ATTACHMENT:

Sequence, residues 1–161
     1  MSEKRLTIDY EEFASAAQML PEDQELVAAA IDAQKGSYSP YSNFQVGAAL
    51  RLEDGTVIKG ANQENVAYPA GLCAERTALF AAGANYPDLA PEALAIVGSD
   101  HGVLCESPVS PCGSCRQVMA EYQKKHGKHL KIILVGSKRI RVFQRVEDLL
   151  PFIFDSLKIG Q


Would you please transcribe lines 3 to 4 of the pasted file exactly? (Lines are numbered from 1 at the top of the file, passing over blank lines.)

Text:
    51  RLEDGTVIKG ANQENVAYPA GLCAERTALF AAGANYPDLA PEALAIVGSD
   101  HGVLCESPVS PCGSCRQVMA EYQKKHGKHL KIILVGSKRI RVFQRVEDLL